G20 agrees on 1.5 degree climate change target in Rome

G20 countries have agreed on the need to keep global warming to 1.5 degrees Celsius above pre-industrial levels, in language tougher than the 2015 Paris accords, several sources close to summit negotiations in Rome said Sunday.

Italy's Prime Minister Mario Draghi at a meeting at the G20 leaders' summit
Italy's Prime Minister Mario Draghi at a meeting at the G20 leaders' summit on October 30th, 2021. Leaders of the world's most advanced nations are in Rome for the first in-person gathering since the pandemic. Jacques WITT / POOL / AFP

Three sources told AFP that diplomats had approved language for a final summit communique going beyond what was agreed six years ago, when the landmark climate deal called for capping global warming at well below 2 degrees, and ideally closer to 1.5 degrees.

The declaration, expected to be released later Sunday, would talk about keeping the 1.5 degrees target “within reach”, one source said, without elaborating.

Earlier drafts seen by AFP suggested that G20 countries were going to fall short of a firm pledge on the 1.5 figure, but officials worked through the night to toughen up the language ahead of crucial UN talks on climate starting in Glasgow on Sunday.

The Group of 20 major economies emit nearly 80 percent of carbon emissions, and a promise of action on their part would provide a much-needed boost to the make-or-break COP26 summit.

Opening the formal discussions on climate on the second and final day of the Rome summit on Sunday, Italian Prime Minister Mario Draghi urged counterparts to aim high.

“The decisions we make today will have a direct impact on the success of the Glasgow summit and ultimately on our ability to tackle the climate crisis,” he said.

He added: “We need to set long-term goals which are consistent with the objectives of the Paris agreement and make short-term changes to achieve them.”

Experts say meeting the 1.5 degree target — the most ambitious goal in the 2015 Paris climate deal — means slashing global emissions nearly in half by 2030 and to “net-zero” by 2050.

The sources said leaders approved language going beyond what was agreed in the 2015 Paris Accords, which called for capping global warming at well below 2 degrees, and ideally closer to 1.5 degrees.

Experts say meeting a 1.5 degree target would mean slashing global emissions nearly in half by 2030 and to “net-zero” by 2050.

‘A great success’
On Saturday, summit host Mario Draghi, the Italian prime minister, urged G20 leaders to act together on climate, but also on improving the delivery of vaccines and on helping the world recover from the devastation of Covid-19.

“From the pandemic, to climate change, to fair and equitable taxation, going it alone is simply not an option,” he told the gathered leaders.

The G20 showed on Saturday they could work together on some issues, green-lighting a deal for a minimum tax of 15 percent on global corporations, as part of a reform plan inked by almost 140 nations.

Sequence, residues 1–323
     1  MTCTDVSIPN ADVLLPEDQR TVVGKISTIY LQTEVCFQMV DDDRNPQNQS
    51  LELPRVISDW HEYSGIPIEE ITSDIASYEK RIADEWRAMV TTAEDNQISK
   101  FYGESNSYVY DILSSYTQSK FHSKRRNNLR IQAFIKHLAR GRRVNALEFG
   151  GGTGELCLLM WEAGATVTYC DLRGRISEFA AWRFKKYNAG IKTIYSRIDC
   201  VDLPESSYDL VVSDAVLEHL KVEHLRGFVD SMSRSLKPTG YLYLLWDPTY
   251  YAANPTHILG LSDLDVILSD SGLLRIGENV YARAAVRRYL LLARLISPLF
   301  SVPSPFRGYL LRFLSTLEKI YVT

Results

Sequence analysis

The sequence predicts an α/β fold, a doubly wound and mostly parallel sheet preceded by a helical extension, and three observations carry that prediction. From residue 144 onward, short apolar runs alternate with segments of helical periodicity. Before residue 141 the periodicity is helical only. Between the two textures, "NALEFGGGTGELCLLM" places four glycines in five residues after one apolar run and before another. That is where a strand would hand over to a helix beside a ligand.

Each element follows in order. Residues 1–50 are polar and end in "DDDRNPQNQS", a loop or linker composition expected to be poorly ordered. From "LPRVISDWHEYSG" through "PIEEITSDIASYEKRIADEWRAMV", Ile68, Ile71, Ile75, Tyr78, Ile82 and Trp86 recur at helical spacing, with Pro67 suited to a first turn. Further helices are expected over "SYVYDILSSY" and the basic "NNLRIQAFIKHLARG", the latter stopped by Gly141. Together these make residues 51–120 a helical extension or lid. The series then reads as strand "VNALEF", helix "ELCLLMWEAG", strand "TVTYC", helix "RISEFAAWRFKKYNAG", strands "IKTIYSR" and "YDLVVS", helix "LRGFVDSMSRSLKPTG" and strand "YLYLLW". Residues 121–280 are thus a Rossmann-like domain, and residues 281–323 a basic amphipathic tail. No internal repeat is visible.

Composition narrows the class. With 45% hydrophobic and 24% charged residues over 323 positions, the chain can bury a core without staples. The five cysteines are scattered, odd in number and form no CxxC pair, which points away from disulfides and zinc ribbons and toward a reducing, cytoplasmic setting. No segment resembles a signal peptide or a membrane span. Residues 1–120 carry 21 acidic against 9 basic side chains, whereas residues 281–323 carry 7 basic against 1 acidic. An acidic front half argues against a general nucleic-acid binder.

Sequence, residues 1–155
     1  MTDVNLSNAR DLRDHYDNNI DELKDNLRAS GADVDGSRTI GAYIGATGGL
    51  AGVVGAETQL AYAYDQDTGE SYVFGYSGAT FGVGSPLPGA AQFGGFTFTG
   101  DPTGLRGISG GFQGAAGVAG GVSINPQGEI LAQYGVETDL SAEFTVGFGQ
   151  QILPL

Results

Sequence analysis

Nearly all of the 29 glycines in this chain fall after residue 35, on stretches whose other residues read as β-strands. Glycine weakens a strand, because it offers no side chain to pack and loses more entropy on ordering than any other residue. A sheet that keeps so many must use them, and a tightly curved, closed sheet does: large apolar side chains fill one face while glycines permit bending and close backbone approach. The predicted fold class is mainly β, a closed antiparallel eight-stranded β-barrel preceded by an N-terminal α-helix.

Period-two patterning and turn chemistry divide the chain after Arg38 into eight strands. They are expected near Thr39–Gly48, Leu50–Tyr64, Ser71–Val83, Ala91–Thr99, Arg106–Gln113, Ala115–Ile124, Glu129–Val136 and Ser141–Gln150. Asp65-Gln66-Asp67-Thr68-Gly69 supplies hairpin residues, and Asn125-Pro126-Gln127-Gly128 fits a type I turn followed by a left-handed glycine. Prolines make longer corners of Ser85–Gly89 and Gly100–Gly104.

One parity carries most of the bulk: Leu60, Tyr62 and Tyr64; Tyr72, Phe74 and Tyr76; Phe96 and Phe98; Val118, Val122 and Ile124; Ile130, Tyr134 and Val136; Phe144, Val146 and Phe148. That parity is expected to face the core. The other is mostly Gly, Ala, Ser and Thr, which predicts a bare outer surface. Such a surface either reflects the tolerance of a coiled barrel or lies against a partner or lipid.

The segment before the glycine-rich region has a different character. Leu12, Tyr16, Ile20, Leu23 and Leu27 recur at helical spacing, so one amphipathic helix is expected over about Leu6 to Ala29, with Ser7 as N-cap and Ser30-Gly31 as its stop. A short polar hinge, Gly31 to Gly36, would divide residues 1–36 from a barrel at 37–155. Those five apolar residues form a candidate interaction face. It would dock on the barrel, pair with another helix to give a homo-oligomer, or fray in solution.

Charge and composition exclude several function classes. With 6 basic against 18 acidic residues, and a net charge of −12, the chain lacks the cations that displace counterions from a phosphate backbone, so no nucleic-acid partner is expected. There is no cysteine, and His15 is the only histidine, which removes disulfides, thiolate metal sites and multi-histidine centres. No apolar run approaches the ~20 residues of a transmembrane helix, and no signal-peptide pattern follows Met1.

US Treasury Secretary Janet Yellen hailed it as “historic”, while German Chancellor Angela Merkel — attending her last G20 summit with her likely successor Olaf Scholz — called it a “great success”.

Rome hosted the first in-person G20 summit since the coronavirus pandemic, and chose to do it in the monumental surroundings of EUR, a fascist-era neighbourhood known for its modernist architecture.

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Two hospitalised as wildfire breaks out near Rome

Thick clouds of smoke were reported over the Italian capital on Monday afternoon as a large wildfire took hold on the north-western edge of the city.

Two hospitalised as wildfire breaks out near Rome

Photos and video taken by Rome residents on Wednesday afternoon show thick clouds of smoke, with the fire visible from the western side of the city’s ring road, or GRA (Grande Raccordo Anulare).

Firefighters are working to contain the blaze, which is reportedly spreading in the area between the major roads Via Aurelia and Via di Casalotti.

A mother and her baby were taken to hospital to be treated for smoke inhalation while 35 others were treated at the scene, according to local news reports.

Several homes and a summer camp have so far been evacuated, according to reports.

Explosions were heard as the fire reached warehouses in an industrial area west of the capital, reports Rai News, thought to be caused as the fire reached dozens of gas cylinders kept at a campervan storage facility.

The fire brigade said in a tweet that several teams were at the scene of the explosions.

Firefighters said the blaze was becoming less intense at around 5pm on Monday, but that it was still spreading due to high winds.

A prolonged heatwave and a severe drought have caused extremely dry conditions across much of Italy, including Lazio, the region around Rome.

READ ALSO: Italian wildfires ‘three times worse’ than average as heatwave continues

This story is being updated…